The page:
Hyundai began its drive for bigger, more luxurious cars in 2009 with the Genesis sedan. Directly inspired by the likes of the Infiniti M and Lexus GS, the Genesis recast the brand from its economy-car roots in a way its front-drive Azera never could. Since then it’s brought out a sporty Genesis Coupe and the flagship Equus sedan, but it’s the Genesis that firmly convinced car reviewers and buyers alike, that Hyundai could compete in the luxury arena, without apology.
The Genesis’ impressive details and execution make it a pragmatic luxury-car choice, especially in the quick, plush V-6 version.The Genesis’ calling card isn’t a single model, or powertrain, or even a feature. It’s an overall interpretation of luxury that can be summed up in its styling. A touch of Lexus here, a bit of Infiniti and Mercedes there, the Genesis still looks fresh and has a few details–the grille, the taillamps–that predicted the distinctive themes it’s worked so successfully on the Sonata and Elantra sedans since. The interior’s particularly rich in feel and texture, especially in versions with the leather-upholstered dash and a knob-controller system that can govern the audio and navigation systems via a big LCD screen.
Of the three powertrains buyers can choose on the rear-drive Genesis, it’s the less expensive ones we prefer. The entry-level, 333-horsepower V-6 cranks out the power you’d find in some V-8 luxosedans, with just a slight six-cylinder snarl to call attention to itself.
Like the muscular, 385-hp 4.6-liter V-8 in the mid-line Genesis, the six is teamed with a new eight-speed automatic that’s the attentive, invisible match of its peers. In the uppermost R-Spec edition, 429 horsepower usher the Genesis to 60 mph in less than five seconds, but the stiff ride and meaty steering feel out of character when compared with the other models’ relaxed ride and steering.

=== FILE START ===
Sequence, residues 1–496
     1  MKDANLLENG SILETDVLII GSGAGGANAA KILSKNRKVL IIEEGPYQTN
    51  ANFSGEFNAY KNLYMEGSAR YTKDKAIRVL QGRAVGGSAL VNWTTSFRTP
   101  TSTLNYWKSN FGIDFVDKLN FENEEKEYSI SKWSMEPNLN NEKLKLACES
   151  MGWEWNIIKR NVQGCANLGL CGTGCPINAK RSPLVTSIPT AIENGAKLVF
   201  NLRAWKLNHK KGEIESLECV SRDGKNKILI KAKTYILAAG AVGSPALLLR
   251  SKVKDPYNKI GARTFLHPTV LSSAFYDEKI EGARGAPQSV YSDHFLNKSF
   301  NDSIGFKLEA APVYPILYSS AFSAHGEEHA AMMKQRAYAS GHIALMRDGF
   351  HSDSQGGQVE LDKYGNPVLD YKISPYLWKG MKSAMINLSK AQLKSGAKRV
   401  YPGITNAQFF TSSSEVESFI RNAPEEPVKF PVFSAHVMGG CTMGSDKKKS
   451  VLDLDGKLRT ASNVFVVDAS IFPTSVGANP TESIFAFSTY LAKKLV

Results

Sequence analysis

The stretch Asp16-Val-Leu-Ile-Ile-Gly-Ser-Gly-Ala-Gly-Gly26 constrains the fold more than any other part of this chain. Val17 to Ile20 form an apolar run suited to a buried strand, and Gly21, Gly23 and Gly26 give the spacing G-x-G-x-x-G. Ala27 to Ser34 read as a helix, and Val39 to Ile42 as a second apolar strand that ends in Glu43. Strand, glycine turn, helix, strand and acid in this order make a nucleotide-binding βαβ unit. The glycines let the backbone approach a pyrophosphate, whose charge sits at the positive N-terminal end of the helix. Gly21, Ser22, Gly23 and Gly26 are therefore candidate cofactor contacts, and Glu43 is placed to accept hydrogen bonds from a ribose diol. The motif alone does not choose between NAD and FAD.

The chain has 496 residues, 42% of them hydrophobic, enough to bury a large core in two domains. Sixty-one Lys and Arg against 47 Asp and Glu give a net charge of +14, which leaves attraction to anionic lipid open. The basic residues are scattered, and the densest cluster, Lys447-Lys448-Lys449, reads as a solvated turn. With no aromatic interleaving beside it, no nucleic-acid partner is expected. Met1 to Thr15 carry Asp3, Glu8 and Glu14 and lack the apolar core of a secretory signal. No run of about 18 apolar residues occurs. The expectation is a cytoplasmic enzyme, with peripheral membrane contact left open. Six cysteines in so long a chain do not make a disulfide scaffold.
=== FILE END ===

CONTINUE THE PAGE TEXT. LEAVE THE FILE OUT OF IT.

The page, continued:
Hyundai hasn’t skimped on interior room inside the Genesis. It’s a real five-seater, with great head, leg and knee room for front and back-seat passengers. Leather is standard on all models, with a premium grade specified on V-8 cars, and all five passengers get heated seats on V-8 versions, too–with the driver seat adding ventilation. Trunk space is generous, if not cavernous. Build quality is quite good, and truly competitive with Japanese brands, though we’d like more firmness in the Genesis’ front seats, especially on the sporty R-Spec version.
Safety features have been updated to include a lane-departure warning system (standard on V-8s, optional on V-6s), and all Genesis sedans have eight airbags, including rear-seat side airbags. The IIHS gives the Genesis its Top Safety Pick award, and though the NHTSA hasn’t completed all its tests, the Genesis does earn a five-star rollover resistance score.
Every Genesis comes with Bluetooth, automatic climate control, leather upholstery, and satellite radio and a USB port. The V-6 version can be optioned up with premium and technology packages to approach the comprehensive features found on V-8 cars, including the fantastic Lexicon audio system.
On the R-Spec, the only option is summer performance tires–but there’s no option for all-wheel drive, or for voice controls for audio and navigation, on any Genesis.
It’s a small price to pay for the Genesis’ bargain sticker, which begins in the mid-$30,000 range, or for its excellent warranty coverage.